Lessons learned and best practices
In order to improve the planning and the conduct of peacekeeping operations, the Best Practices Unit played a more prominent role in the work of DPKO, particularly in planning DDR programmes and in gender policy. The Unit prepared for the launching of an online database—a virtual library of peacekeeping knowledge to be used in the planning, conduct and management of peacekeeping operations.
Enhancing African peacekeeping capacity
The year 2003 saw priorities and progress concentrated in Africa where ongoing peacekeeping efforts costing some $2 billion oversaw what appeared to be the end of major African conflicts. DPKO continued to promote the enhancement of an African peacekeeping capacity, including through support for the establishment of an African Standby Force to be formed of multinational brigades organized on a sub-regional basis in accordance with United Nations standards.
In 2003, the United Nations forged partnerships with a number of regional organizations. In February, the Security Council authorized the Economic Community of West African States (ECOWAS) and French forces to deploy in Côte d’Ivoire. The Council subsequently established the United Nations Mission in Côte d’Ivoire (MINUCI), which includes a military liaison component that works in close collaboration with ECOWAS and French forces. In August, the Security Council authorized an interim ECOWAS force in Liberia that would hand over its peacekeeping responsibilities to a future United Nations stabilization force. When the United Nations Mission in Liberia was established in October, some 3,500 West African troops were “re-hatted” as United Nations peacekeepers.
In June, the Security Council authorized a European Union force, the Interim Emergency Multinational Force, to deploy in the Ituri province of the DRC until the United Nations force was ready to take over, after its mandate was strengthened and its contingents reinforced. In Kosovo, the United Nations mission continued working closely with the NATO-led Kosovo Force, and in Georgia the United Nations mission worked alongside the Commonwealth of Independent States peacekeeping force. The North Atlantic Treaty Organization agreed to assume leadership of the International Security Assistance Force in Afghanistan, in August, under a Security Council mandate. The mandate was expanded on 13 October to enable deployment outside Kabul in order to improve security throughout the country and allow the United Nations to fulfill its tasks.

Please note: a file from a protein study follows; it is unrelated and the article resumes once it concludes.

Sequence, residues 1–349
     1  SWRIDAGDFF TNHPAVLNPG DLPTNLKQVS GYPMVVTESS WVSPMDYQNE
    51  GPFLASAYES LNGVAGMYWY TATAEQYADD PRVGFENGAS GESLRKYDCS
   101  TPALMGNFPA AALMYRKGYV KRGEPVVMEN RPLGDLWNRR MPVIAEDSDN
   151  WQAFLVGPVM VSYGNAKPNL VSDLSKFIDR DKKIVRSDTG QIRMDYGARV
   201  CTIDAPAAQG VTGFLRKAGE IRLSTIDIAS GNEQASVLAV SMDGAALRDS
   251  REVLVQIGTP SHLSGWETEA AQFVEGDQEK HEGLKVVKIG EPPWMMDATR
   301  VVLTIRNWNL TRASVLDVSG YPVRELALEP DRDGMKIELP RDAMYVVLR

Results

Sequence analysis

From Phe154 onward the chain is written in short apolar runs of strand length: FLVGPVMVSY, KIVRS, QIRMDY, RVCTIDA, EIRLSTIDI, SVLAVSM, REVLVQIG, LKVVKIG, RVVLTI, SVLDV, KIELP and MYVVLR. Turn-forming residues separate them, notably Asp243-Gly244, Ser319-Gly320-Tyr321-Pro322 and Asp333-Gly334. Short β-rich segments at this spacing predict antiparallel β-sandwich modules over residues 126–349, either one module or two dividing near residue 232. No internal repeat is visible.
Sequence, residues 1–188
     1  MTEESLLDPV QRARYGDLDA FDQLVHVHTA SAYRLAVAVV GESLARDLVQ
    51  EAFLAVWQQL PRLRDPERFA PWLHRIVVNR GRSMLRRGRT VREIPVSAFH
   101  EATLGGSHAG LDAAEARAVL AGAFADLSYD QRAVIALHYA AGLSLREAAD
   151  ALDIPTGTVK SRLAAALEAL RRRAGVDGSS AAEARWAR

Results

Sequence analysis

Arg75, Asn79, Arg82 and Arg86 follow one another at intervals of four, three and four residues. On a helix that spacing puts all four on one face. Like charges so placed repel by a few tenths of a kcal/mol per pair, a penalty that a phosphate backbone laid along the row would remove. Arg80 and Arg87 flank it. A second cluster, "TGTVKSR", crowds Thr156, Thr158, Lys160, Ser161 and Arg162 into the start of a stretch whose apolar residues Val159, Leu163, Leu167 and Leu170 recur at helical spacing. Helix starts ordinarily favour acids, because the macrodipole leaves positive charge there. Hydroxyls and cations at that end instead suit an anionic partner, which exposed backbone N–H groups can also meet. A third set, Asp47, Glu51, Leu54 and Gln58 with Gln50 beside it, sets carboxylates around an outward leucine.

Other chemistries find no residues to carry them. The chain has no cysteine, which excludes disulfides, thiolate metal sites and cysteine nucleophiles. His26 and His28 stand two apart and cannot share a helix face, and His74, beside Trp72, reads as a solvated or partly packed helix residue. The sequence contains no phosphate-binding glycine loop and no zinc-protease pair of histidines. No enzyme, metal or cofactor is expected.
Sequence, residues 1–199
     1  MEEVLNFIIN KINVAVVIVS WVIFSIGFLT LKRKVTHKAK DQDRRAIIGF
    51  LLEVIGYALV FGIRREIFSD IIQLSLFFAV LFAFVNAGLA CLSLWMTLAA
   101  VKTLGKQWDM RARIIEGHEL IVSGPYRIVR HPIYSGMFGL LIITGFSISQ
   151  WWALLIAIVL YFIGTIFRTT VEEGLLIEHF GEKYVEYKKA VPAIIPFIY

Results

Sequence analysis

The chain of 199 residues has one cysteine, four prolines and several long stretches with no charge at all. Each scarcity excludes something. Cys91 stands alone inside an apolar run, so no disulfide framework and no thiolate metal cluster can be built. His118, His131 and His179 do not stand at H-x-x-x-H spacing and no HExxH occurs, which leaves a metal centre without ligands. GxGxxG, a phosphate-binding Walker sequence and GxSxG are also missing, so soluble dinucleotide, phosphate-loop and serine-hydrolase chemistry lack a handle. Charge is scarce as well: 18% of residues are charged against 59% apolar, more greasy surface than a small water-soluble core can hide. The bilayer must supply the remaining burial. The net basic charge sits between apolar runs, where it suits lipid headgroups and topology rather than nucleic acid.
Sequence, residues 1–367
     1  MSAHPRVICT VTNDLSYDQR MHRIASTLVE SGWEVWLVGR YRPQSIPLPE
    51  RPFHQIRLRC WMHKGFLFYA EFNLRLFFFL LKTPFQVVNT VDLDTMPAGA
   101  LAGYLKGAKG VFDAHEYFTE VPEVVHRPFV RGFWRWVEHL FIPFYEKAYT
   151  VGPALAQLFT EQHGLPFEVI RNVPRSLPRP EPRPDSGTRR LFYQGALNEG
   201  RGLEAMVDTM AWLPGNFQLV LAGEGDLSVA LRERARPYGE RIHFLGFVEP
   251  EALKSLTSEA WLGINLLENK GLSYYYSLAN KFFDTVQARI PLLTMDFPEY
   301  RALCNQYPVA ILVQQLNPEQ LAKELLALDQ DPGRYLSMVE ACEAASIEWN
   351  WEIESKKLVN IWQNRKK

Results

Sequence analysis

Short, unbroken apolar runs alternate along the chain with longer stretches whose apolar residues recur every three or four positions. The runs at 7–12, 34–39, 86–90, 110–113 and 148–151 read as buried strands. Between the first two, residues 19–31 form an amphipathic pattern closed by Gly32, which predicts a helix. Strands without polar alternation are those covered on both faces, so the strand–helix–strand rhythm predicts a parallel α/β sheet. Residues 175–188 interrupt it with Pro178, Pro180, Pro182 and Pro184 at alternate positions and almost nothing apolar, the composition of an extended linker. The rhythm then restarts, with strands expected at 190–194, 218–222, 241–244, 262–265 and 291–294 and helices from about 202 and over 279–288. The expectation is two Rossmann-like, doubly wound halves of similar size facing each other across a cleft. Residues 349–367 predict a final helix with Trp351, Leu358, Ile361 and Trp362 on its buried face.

The United Nations also increased its cooperation on matters related to regional peace and security with the Association of South-East Asian Nations, while in Latin America, the Organization supported mediation efforts by the Organization of American States concerning Venezuela and Haiti. The United Nations also strengthened its cooperation with the Pacific Island Forum on peace and security issues.
8 Established in 1993, the United Nations Stand-by Arrangements System (UNSAS) provides the United Nations with a database detailing the military units and the equipment which some Member States are willing, in principle, to make available to the Organization at short notice.Protection of United Nations personnel